Live From Super Bowl LVI: Pliant Keeps Everyone Connected With Comprehensive Comms Infrastructure
Super Bowl LVI was setting records on the production side even before the kickoff. For instance, core production entity NEP Group deployed 27 trailers at SoFi Stadium between NBC and the NFL Films, what NEP U.S. Broadcast Services President Glen Levine says was, “Probably one of the largest Super Bowls we’ve done.” That includes ND1 and ND7 as the primary production hub for its Super Bowl game and pre/postgame coverage, Supershooter 3 at the Lake Set, and Supershooter 9 and ST9 for the Super Bowl world feed. It’s just as crowded on the comms side.
“There is more wireless here than anybody’s ever assembled,” says Gary Rosen, VP of Global Sales at Pliant Technologies, whose CrewCom intercom system is providing the backbone for comms at Super Bowl LVI. “We’re talking about everything from the Skycams to monitors for the talent, to all the people that are using our crew communications. It’s just an unbelievable amount of RF for every application you can imagine. And on top of that, everybody considers this the most challenging RF environment you can imagine.”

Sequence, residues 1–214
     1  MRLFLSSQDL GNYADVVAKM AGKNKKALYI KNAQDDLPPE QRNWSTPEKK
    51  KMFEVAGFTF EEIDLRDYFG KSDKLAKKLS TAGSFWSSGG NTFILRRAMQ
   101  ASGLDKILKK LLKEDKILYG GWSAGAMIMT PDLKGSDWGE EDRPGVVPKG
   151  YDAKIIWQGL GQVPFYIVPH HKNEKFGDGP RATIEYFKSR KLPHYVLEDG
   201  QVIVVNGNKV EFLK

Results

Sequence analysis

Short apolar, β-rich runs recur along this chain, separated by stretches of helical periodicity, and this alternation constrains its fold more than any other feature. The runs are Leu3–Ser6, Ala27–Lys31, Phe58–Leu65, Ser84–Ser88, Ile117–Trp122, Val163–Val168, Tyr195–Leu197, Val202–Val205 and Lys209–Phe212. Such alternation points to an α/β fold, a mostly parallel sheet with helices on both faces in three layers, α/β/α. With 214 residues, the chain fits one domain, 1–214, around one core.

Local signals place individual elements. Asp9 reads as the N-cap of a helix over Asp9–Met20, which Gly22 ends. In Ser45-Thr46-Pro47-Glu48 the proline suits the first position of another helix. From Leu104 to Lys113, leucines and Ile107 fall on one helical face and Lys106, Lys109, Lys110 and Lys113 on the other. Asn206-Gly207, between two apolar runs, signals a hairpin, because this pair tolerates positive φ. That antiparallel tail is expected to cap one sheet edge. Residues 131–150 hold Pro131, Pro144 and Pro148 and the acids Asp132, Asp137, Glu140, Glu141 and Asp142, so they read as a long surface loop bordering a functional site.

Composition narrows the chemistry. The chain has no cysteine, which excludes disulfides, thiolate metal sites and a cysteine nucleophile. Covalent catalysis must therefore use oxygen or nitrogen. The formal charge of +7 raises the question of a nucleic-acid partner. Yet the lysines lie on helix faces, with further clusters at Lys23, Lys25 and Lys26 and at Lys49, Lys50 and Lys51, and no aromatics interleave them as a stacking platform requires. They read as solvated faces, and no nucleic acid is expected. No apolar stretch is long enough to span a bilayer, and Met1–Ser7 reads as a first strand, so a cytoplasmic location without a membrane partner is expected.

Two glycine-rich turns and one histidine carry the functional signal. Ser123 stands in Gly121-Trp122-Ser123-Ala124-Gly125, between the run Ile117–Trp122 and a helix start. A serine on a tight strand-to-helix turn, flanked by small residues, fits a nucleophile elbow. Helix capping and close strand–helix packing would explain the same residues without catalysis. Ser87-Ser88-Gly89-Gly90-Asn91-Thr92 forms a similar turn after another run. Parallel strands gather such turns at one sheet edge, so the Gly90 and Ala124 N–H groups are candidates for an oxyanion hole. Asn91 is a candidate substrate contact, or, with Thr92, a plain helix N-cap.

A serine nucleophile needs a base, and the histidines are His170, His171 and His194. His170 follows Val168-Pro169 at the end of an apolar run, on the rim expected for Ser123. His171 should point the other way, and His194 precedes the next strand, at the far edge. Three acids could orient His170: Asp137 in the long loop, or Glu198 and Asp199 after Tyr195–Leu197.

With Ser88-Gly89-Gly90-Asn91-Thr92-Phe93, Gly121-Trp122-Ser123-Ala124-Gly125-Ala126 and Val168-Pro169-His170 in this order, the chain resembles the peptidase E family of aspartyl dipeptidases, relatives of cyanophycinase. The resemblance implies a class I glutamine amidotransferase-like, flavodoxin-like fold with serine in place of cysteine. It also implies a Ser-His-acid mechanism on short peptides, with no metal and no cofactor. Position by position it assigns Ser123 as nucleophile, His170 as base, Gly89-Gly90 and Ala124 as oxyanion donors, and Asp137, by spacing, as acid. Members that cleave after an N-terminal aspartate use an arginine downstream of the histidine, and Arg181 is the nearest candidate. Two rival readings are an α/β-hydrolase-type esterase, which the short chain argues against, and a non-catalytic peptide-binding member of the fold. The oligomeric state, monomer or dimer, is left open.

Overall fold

He estimates that there are as many as 80 workers using wireless intercoms, with spectrum spread across the 2.4 GHz and 900-MHz ranges, to accommodate the large number of users and the fact that the security-heavy event is an incredibly dense RF environment. In addition, there are production staff are using wired intercoms, as well.
Rosen says the intercom infrastructure is divided between what are essentially three distinct shows within the overall broadcast: the NBC production, NFL Network’s own production, and NBC Sports’ pre- and post-game shows along with other production elements during the game other than the halftime music event — “pretty much everything that is not the actual play-by-play during the play game,” he says. And all of them have to be closely coordinated and synchronized over fiber because of how much wireless intercom is being used because of the wide range of locations within the SoFi campus.
“We have communications that start from the field and go to the locker room, to the rollout news-desk and sportscasters that come on field before, in between [quarters], and after the game,” he says. “Plus the tailgate show, which is part of the fan experience, where there are performance stages where they’re using CrewCom, and another area called the Lake set, where we have NFL Network and NBC all broadcasting together. So that’s probably a spread of a mile or a mile and a half. We’re covering a lot of ground.”
CrewCom is the NFL’s regular- and post-season wireless system, as well as for Sunday Night Football and Thursday Night Football productions.